The Fertility Vase

February 14, 2013 / Art & Archaeology
Piombino. Tuscany
SAFI266aThis 5th century BC Greek vase, known as The Fertility Vase is unique with its suggestive figures of Pan or Dionysius with his satyrs hard at work with their farm implements digging the earth, rewarded by the Goddess rising, the female figure with arms uplifted. It has been suggested that the Goddess might be Persephone, Pandora or Aphrodite. A vase of celebration, the Bacchic figures seem to be dancing as the female figure emerges from the tilled earth. In pre-Christian times it was Pan leading with his panpipes who celebrated and rejoiced the harvest and the fruitful life.

The cratere, or kylix, is a classic bowl used to hold wine during symposia. The wine was mixed with water, spices and honey and even a bit of cheese and a sieve was used to filter the drink. The Dionysian theme is particularly relevant to Greek dramatic stories since Dionysius is the god of love and wine and sacred to the festivals of Greek theatre. He was the God of inspiration thus well loved by poets.

SAFI266The vase has been donated to the Archaological Museum at Piombino by Barbara Golini, heir of the Desideri – DeStefano Family which has itself deep roots in the history of Populonia and its fertile surroundings.
Perhaps it is uncannily appropriate that the fertility vase should be in this museum as Populonia was sacred in Etruscan times to Fufluna, the Etruscan equivalent to Bacchus or Dionysius.

What is particularly intriguing about this unusual vase is the mystery of who the Goddess might be? Persephone or Pandora or Aphrodite were young gracious Goddesses yet the figure on this vase seems a more matronly figure. Might it be Demeter? Perhaps you Italian Notebook readers might have an idea? Send your suggestions!

Many thanks to Barbara Golini and to Cinzia Murolo curator of the Archaeological Museum in Piominbino for sharing their time and to Giulio Cianchini for photographing the vase.

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Pat Carney

by Pat Carney

Pat Carney-Ceccarelli (www.campigliaworkshop.com) happily divides her time between Campiglia Marittima and Cambridge, UK.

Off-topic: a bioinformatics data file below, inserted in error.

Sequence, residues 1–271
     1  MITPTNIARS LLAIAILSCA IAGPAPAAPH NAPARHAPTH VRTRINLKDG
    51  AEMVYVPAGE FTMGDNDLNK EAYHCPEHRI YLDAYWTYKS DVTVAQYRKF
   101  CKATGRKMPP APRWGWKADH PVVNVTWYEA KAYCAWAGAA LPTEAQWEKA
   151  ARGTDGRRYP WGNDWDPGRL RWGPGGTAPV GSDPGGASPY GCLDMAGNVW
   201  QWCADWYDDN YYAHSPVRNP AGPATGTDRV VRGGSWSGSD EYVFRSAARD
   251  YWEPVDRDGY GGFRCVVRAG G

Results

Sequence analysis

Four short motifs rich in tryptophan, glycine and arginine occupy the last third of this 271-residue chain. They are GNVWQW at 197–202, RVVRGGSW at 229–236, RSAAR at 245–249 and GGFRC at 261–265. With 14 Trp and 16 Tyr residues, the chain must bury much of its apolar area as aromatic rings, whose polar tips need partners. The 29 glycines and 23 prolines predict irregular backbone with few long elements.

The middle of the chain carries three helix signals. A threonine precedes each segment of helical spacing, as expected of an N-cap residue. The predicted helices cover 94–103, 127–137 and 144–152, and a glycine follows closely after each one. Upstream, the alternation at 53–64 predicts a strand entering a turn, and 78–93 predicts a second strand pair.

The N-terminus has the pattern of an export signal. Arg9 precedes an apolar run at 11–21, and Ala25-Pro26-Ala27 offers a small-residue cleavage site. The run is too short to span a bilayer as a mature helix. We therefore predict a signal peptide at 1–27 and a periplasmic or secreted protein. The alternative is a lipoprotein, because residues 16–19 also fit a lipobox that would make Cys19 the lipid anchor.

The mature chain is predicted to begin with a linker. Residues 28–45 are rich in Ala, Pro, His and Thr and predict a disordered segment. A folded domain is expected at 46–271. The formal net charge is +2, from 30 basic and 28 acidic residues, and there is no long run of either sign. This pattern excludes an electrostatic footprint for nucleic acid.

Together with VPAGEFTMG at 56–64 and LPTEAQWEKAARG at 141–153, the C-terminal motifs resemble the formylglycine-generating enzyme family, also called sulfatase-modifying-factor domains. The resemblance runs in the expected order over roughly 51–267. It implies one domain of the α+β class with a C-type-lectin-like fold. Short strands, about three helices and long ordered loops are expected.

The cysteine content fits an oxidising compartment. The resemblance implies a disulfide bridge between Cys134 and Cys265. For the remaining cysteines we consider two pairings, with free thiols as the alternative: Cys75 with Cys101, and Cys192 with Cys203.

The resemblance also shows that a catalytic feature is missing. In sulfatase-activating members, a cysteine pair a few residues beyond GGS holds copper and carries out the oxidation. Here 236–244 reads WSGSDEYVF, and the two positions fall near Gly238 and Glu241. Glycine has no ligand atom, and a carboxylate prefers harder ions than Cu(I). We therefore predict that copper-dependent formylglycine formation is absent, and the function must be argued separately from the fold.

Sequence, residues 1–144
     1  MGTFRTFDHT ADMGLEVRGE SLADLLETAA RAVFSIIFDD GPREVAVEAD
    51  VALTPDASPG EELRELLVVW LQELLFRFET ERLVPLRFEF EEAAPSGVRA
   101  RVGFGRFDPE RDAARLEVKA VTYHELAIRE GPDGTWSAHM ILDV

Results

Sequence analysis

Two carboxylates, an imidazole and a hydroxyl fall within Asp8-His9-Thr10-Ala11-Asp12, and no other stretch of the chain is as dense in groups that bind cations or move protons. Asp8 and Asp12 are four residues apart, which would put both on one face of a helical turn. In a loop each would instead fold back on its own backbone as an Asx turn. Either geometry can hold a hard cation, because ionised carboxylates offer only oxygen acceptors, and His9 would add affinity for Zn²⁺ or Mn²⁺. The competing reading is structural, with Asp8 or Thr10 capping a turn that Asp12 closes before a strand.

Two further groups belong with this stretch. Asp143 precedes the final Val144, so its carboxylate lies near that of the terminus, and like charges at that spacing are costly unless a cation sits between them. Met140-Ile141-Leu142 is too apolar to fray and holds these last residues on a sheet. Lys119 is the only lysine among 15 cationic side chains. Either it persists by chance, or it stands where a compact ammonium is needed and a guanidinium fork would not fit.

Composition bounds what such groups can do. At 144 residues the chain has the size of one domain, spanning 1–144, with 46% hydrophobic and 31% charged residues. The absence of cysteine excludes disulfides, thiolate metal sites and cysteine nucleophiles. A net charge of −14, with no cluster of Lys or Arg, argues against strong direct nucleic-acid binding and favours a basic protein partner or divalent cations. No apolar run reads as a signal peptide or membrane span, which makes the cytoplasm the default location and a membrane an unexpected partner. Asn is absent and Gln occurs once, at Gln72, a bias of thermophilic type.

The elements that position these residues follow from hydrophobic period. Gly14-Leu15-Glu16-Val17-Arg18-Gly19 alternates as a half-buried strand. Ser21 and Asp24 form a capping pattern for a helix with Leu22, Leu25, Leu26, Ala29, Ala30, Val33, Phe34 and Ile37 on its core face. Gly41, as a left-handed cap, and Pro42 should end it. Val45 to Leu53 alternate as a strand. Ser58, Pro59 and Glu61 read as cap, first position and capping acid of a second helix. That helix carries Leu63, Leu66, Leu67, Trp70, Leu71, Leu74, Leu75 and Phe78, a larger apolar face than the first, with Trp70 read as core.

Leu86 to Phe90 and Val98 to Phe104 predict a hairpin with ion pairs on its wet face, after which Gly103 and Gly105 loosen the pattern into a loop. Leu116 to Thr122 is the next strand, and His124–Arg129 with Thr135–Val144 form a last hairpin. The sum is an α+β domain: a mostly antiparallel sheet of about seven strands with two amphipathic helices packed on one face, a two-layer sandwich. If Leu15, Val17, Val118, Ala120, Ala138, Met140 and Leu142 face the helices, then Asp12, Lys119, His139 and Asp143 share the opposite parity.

7 Responses to “The Fertility Vase”

  1. Brava Pat – Bella,

    It could only be you writing this ‘Note’ – I sensed you with every word carefully/lovingly placed on paper / spoken.

    Aptly presented on this day of Love flooding the Ethers!
    Blessings upon all the hearts of humanity throughout time…

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  2. Grazie, Pat…so interesting! The Getty Museum in Malibu has an extensive collection of these gorgeous vases but provide little in the way of the “story” of each which is what makes them even more fascinating.
    Victoria

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  3. Goodness, Pat, a real story about these vases.Thanks for getting us the “skinny” on these beautiful pieces of antiquity.

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  4. Not to seem deprecating in any way, I have to say that matronly is right. She is built like my Italian grandmother. Perhaps this fertility goddess has “roots” in the fertility goddesses/earth mothers of the distant past whose statuettes are found throughout Europe…all bosom and belly.

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  5. Pat Carney Ceccarelli
    Pat Carney Ceccarelli

    I loved doing this post- it was such a great adventure- with Carolina Megale of Archeodig first suggesting it, then meeting with Barbara Golini and her husband, then off to the museum to meet Cinzia Murolo, curator of the Archaeological Museum in Piombino with Giulio Cianchini who did the photograph, then off to the villa Giulia in Rome to chat with Nadia and then back in Cambridge to the Fitzwilliam Museum. Would love to hear your ideas about who (or what) is emerging on the Vase. thanks to italiannotebook for encouraging these journeys!

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  6. I feel that the figure is of Demeter, the harvest goddess growing up from the soil with arms outstretched like wheat and corn growing in the fields. Demeter, mother of Persephone who is sent to the underworld for half the year, remains linked to her daughter with with her roots/legs in the earth, but her head and upper body on and above it. She is an earthly fertility goddess waiting in this case to be harvested by her satyrs.

    Looking at a different image of Demeter on wikipedia I can see a resemblance to the lady on the vase, her hair and stature. “http://en.wikipedia.org/wiki/Demeter”

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  7. Pat Carney Ceccarelli
    Pat Carney Ceccarelli

    Great research Amy!! Quite right, I looked on your wikipedia link and sure enough Demeter is a well built Mother Goddess!! Many thanks.
    Greetings to Jill in Hawaii- thank you for your words and for the reminder that italiannotebook published the Fertility Vase on Valentines’s Day! Our Editor is wise.
    I like to think that the emergence of life giving harvests from the well-tilled earth might be for our food and general nourishment as well as for our hopes and projects.

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